Thursday, October 28, 2021

Language of Confusion: Crimes

Eh, these are kind of scary. At least, if you’re not the one committing them.
Crime showed up in the mid thirteenth century, although at first it meant a sin, like an offense to god, before it started to mean breaking the law in the late fourteenth century. It comes from the Old French crimne and classical Latin crimen, crime, but its origin before that is debated. One theory has it coming from cernere, to sift or to decide—yes, sift, from the Proto Indo European krei-, to sieve, and I have no idea how that works. The other theory is that it’s from cri-men, cry of distress, which makes slightly more sense. If you look at something like discriminate, the sift/sieve one makes more sense. Discriminate showed up in the early seventeenth century, from the Latin discriminare, to discriminate, which is actually from discernere, to distinguish, and yes that’s the origin for discern. Sift makes a lot more sense with that one.
Thief comes from the Old English þeof, thief, and that’s then from the Proto Germanic theuba-, and that has an unknown origin. Well, that was certainly a lot easier than crime. Couldn’t really find an explanation for the -f to -v thing that pops up in a lot of words. I guess F and V are just so close in pronunciation no one cares.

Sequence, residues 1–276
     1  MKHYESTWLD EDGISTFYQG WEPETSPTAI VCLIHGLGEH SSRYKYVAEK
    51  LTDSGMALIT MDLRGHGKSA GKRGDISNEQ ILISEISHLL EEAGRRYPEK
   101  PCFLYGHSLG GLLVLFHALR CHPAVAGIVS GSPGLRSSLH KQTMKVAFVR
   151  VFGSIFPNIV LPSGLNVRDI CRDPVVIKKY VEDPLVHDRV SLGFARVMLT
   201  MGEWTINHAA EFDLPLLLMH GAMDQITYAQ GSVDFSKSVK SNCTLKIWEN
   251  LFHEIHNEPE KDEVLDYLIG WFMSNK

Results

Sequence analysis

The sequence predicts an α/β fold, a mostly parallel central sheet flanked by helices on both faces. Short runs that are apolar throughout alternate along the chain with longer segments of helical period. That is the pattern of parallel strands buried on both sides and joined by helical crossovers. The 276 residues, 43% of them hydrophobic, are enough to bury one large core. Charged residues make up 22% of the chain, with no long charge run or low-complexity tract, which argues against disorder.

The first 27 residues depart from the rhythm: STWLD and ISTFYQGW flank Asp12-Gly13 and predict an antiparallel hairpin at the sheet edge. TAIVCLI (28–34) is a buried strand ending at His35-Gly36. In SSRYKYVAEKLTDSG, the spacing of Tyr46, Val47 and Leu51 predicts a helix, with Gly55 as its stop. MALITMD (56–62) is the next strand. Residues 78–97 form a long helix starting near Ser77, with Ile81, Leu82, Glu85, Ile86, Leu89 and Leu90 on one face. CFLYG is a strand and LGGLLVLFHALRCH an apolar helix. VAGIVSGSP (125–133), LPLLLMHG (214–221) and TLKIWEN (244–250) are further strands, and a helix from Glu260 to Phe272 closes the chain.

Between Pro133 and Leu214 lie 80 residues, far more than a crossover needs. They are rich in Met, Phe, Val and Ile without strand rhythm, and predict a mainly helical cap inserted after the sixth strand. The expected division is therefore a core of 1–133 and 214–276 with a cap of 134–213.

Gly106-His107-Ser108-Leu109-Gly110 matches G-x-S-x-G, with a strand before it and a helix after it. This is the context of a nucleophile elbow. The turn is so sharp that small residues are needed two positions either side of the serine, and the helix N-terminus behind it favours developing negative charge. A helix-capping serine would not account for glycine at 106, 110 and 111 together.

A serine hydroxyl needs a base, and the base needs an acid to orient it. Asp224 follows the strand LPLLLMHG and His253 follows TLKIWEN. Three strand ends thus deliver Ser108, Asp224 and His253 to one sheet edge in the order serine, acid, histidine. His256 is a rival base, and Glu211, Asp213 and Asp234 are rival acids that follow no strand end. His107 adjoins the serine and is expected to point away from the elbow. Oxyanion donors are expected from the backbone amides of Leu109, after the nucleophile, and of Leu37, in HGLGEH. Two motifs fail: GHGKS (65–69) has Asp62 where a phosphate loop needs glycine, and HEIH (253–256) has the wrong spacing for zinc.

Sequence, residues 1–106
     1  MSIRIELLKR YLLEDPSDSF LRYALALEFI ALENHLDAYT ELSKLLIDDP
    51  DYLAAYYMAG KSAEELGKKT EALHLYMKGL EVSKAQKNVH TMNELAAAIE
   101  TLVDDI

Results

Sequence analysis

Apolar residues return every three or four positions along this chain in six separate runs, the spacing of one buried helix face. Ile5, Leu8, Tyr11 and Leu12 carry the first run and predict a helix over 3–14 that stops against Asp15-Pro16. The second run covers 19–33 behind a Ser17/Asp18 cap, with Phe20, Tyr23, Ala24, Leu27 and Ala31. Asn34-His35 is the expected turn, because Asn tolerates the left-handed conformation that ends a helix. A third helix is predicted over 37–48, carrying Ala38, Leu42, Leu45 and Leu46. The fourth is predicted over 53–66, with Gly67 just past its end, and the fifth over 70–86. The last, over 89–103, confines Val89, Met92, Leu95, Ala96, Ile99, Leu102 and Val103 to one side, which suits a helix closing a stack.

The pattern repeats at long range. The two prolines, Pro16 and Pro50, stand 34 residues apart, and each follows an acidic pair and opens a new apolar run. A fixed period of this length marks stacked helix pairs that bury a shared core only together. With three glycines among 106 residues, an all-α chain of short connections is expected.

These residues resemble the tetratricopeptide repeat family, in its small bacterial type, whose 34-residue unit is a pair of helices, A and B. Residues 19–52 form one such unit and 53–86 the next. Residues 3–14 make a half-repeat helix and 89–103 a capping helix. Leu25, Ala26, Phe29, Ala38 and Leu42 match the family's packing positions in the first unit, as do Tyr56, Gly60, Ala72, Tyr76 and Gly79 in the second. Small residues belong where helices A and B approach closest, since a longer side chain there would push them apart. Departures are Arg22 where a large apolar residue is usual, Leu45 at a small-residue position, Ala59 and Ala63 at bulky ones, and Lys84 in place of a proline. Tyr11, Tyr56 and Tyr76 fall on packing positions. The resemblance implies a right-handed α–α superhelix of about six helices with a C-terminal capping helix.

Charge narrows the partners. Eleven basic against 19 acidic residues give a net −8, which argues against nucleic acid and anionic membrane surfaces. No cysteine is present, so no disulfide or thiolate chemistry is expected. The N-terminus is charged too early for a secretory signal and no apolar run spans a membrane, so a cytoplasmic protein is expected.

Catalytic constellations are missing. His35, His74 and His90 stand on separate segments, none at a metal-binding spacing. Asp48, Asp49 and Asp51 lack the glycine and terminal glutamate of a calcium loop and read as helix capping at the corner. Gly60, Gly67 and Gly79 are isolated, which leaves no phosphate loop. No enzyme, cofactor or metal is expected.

Robbery showed up in the thirteenth century from the Old French roberie. To rob showed up a bit earlier, in the late twelfth century, from the Old French rober, West Germanic rauba, and Proto Germanic raubon, to rob. And that one’s thought to be from the Proto Indo European runp-, to break. To rob: strangely consistent over the centuries.
Assault showed up in the late fourteenth century in its current form, but it also appeared earlier as asaut. It comes from the Old French asaut/assaut, from the Vulgar Latin adsaltus, a mix of ad-, to, and the Latin saltus, leap. Assault is to leap to.
Arson is fairly recent, having shown up in the late seventeenth century—before that, it was the Old English baernet, which is related to burnt. Arson comes from the Old French arsion, from the Late Latin arsionem, a burning, and that’s from the classical Latin ardere, to burn. That’s from the Proto Indo European root as-, to burn or glow, the origin word for ash.
Online Etymology Dictionary
Google Translate
University of Texas at Austin Linguistic Research Center
University of Texas at San Antonio’s page on Proto Indo European language
Tony Jebson’s page on the Origins of Old English
Old English-English Dictionary
Dictionary of Medieval Latin
Encyclopaedia Britannica
Orbis Latinus


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